Revisions for the 2014 National Electrical Code - Part 1
In Revisions for the 2014 National Electrical Code - Part 1, you'll learn ...
- The “need to know” changes in the 2014 National Electrical Code®
- Code-wide changes in the 2014 National Electrical Code®, as well as changes to specific articles from Article 100 through Article 240
- Significant changes in the rules for arc-fault circuit interrupters (AFCIs) and ground-fault circuit interrupters (GFCIs)
This course is Part 1 of a 3-Part Series intended to familiarize the reader with the major changes contained in the 2014 National Electrical Code®. These are the “need to know” changes. The document is heavily illustrated to enable effective and efficient visual learning. The course addresses Code revisions that apply to all types of occupancies: residential, commercial, and industrial. The 3 parts of the Course Series are:
- Part 1: Code-wide changes through Article 240
- Part 2: Article 250 through Article 424
- Part 3: Article 445 through Informative Annex J
The layout and the method of this presentation will enable new Code users to easily navigate through the changes. Those well experienced in the Code will find depth in the coverage.
Through the heading(s) at the beginning of each Code change addressed in the document, the reader will readily identify the section affected by the change and the specific subject being discussed. The Significance section serves as an introduction to the Code change under discussion. An Analysis of the Code change follows, with explanation where necessary to help the student understand the revision, its background, and the logic of the change. Graphics, photographs, examples, or calculations are used to illustrate the change and to enhance learning.
The Summary is a brief re-statement of the highlights of the Code change. An Application Question, with Answer and key to the correct answer, is included at the end of each Code section studied for exercise in applying the change and to broaden learning. Many of the sections analyzed contain a Code Refresher that addresses existing Code requirements related to the change. The author attempts to tie the entire NEC®. together through the study of the changes, Code Refreshers, Technical Updates, Examples, and Application Questions.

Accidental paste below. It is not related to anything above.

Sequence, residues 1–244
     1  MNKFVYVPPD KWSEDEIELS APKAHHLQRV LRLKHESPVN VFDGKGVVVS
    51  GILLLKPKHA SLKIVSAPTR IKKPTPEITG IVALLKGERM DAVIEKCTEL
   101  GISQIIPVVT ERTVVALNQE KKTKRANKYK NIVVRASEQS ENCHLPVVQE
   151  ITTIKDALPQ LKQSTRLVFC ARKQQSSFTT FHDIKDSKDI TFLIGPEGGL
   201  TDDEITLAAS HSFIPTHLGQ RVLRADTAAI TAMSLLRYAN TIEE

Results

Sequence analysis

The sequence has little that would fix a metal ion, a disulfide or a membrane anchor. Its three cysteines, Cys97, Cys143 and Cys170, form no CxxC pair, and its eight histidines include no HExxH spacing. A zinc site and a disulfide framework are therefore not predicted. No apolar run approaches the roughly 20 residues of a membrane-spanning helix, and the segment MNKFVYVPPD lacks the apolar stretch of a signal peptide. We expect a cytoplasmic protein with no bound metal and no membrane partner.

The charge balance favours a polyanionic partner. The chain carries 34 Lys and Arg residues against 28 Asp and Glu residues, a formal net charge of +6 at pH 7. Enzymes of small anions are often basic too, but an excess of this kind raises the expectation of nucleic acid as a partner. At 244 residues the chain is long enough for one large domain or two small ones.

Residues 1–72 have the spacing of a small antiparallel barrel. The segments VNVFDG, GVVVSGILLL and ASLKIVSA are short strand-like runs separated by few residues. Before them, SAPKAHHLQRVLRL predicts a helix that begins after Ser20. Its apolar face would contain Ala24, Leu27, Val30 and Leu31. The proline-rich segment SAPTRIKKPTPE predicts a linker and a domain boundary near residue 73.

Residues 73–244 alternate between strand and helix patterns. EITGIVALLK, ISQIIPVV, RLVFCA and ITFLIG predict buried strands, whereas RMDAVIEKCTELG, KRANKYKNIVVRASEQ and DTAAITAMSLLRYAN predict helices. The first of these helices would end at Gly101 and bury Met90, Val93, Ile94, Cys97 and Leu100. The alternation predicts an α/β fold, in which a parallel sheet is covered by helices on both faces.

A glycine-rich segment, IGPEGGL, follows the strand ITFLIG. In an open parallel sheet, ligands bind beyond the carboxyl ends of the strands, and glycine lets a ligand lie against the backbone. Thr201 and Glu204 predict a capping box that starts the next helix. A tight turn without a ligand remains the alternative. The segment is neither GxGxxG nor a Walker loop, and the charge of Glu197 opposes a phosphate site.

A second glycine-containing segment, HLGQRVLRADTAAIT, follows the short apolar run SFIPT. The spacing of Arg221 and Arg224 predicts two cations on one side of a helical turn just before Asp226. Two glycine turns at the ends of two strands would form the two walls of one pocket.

Although there are many references to the 2014 NEC® throughout this document, the course and quiz can be completed without the need to refer to the NEC® itself. However, the learning experience will be enhanced by referring to the NEC® as the course is completed. For further study on any Code section within this course, the 2014 NEC® should be consulted.
Specific Knowledge or Skill Obtained
This course teaches the following specific knowledge and skills:
- Significant changes in the 2014 edition of NFPA 70®, the National Electrical Code®
- Rules that must be complied with for a disconnecting means to qualify as lockable open
- New rules for dedicated equipment space for certain outdoor electrical equipment
- New requirements for grounded circuit conductors to be identified or grouped in enclosures to correspond with the ungrounded conductor(s) of the same circuit
- New identification rules applicable to ungrounded DC circuit conductors operating at more than 50 volts
- How to ensure compliance with applicable Code standards when preparing plans and specifications
- New rules for branch circuits for electric vehicle charging equipment
- A change in the method of sizing branch-circuit and feeder conductors where a portion of the load, or the entire load, is continuous
- Enable the student to identify Code sections where additional study may be appropriate for the student’s practice
- Re-acquaint students who use the Code infrequently with some of the basic safety requirements and areas of coverage of the NEC®
Certificate of Completion
You will be able to immediately print a certificate of completion after passing a multiple-choice quiz consisting of 25 questions. PDH credits are not awarded until the course is completed and quiz is passed.
|This course is applicable to professional engineers in:|
|Alabama (P.E.)||Alaska (P.E.)||Arkansas (P.E.)|
|Delaware (P.E.)||Florida (P.E. Area of Practice)||Georgia (P.E.)|
|Idaho (P.E.)||Illinois (P.E.)||Illinois (S.E.)|
|Indiana (P.E.)||Iowa (P.E.)||Kansas (P.E.)|
|Kentucky (P.E.)||Louisiana (P.E.)||Maine (P.E.)|
|Maryland (P.E.)||Michigan (P.E.)||Minnesota (P.E.)|
|Mississippi (P.E.)||Missouri (P.E.)||Montana (P.E.)|
|Nebraska (P.E.)||Nevada (P.E.)||New Hampshire (P.E.)|
|New Jersey (P.E.)||New Mexico (P.E.)||New York (P.E.)|
|North Carolina (P.E.)||North Dakota (P.E.)||Ohio (P.E. Self-Paced)|
|Oklahoma (P.E.)||Oregon (P.E.)||Pennsylvania (P.E.)|
|South Carolina (P.E.)||South Dakota (P.E.)||Tennessee (P.E.)|
|Texas (P.E.)||Utah (P.E.)||Vermont (P.E.)|
|Virginia (P.E.)||West Virginia (P.E.)||Wisconsin (P.E.)|